The body must be able to mount an inflammatory response against different threats and threat levels. McDade compares the job of inflammation to the job of firefighters.

Let’s assume the fire is an infection or an injury and the fire department is the inflammatory response. You want the fire department to come as fast as possible and to use the least amount of water to put out any fire, and then you want them to leave. You don't want them to come into your house with more firefighters than needed and to hose everything down to put out a small fire; nor do you want them to show up to a massive fire with just a bucket of water. Think of the potential damage in either scenario.

The researchers focused on this bodily function for two reasons. First, previous research has shown that childhood environments can cause improper regulation of inflammation during adulthood. Second, they had access to literally lifetimes’ worth of data from a cohort of babies in the Philippines that they could mine for methylation and inflammation data.

This cohort comprised over 3,000 pregnant women recruited in the Philippines in 1983. These women came from all different walks of life: They differed in access to clean water or a roof over their heads, whether they lived in an urban or a rural area, and whether they came into frequent contact with animals. From the data, they looked at over 500 of those women in order to figure out if their child’s environment growing up led to epigenetic modifications to their DNA—and later to a change in inflammatory proteins in their blood in adulthood.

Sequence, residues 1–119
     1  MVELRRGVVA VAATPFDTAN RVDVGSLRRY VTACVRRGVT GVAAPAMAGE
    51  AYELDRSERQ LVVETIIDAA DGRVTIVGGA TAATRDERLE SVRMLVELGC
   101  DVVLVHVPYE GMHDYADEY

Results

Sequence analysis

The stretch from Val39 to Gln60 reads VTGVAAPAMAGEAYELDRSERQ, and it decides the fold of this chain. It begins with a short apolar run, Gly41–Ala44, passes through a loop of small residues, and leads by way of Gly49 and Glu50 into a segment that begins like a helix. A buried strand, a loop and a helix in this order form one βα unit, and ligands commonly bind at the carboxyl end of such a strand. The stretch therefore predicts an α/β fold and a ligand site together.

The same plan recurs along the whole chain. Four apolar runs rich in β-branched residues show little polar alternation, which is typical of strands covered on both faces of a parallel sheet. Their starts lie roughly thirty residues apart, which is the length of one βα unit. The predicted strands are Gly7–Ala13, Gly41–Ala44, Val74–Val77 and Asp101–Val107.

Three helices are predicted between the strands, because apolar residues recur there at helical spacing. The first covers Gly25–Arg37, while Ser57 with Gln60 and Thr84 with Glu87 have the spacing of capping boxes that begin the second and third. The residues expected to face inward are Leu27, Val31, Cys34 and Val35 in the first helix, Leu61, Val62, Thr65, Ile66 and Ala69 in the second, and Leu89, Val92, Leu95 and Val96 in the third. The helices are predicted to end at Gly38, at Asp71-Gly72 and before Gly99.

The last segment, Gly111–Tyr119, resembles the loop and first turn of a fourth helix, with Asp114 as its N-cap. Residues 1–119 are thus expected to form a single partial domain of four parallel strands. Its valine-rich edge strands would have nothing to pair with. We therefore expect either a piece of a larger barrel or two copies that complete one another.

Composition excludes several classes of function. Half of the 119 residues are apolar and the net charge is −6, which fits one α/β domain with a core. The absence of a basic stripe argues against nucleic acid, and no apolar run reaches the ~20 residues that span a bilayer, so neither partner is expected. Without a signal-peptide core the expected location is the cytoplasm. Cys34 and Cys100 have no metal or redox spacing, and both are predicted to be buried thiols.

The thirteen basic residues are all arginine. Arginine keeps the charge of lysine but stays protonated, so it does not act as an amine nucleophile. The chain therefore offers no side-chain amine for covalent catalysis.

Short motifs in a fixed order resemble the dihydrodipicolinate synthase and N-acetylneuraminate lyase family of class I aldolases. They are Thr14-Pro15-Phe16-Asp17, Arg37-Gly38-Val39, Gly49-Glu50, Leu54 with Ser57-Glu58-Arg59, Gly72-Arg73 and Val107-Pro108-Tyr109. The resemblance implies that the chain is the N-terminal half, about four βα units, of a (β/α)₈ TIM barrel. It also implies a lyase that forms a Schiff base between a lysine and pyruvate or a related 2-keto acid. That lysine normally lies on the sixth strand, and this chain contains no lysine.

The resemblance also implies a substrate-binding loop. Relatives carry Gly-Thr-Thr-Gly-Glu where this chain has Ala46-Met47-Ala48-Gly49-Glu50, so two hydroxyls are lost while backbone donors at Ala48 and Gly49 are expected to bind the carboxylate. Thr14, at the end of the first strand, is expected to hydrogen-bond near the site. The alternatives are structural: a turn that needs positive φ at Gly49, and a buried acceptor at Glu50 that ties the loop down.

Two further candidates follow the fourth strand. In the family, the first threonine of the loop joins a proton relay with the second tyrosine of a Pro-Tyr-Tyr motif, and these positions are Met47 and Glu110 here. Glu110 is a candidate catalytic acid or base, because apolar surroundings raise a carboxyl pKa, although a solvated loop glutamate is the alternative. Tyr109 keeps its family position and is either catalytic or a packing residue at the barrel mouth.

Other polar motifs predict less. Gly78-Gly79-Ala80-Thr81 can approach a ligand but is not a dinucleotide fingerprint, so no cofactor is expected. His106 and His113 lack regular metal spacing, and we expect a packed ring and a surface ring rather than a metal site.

Once their children were born, the investigators kept track of them and of the environments they were exposed to throughout their lives. Once they turned 21, the investigators took a blood sample that they used to measure the DNA methylation throughout their genome, as well as inflammation-related proteins that have been previously associated with cardiovascular diseases and other aging-related diseases.

The authors determined that the childhood environment of these youths affected the level of inflammation-related proteins (biomarkers) in their blood during adulthood, likely as a result of methylation of some of their inflammation-related genes. The dysregulation of these proteins can affect health and risk of disease.

The nutritional, microbial, psychological and social environments that children are exposed to growing up are critical for their physiology and health later in life, says McDade. As to the effects of specific childhood environments, he pointed to prolonged breastfeeding, exposure to microbes, and an abundance of family assets that led to better regulation of the inflammatory proteins.

In turn, the prolonged absence of a parent, the lack of exposure to microbes, and the lack of family assets were predictive of a higher dysregulation of the inflammatory proteins.

This is not the first time research has shown that a child’s environment growing up can help determine his or her future health. This isn’t even the first time that scientists have linked environment to DNA methylation and methylation to health (these studies have been done in mice). This is, however, one of the first and most complete investigations that show that epigenetic modifications created by the environment have lasting effects on human health.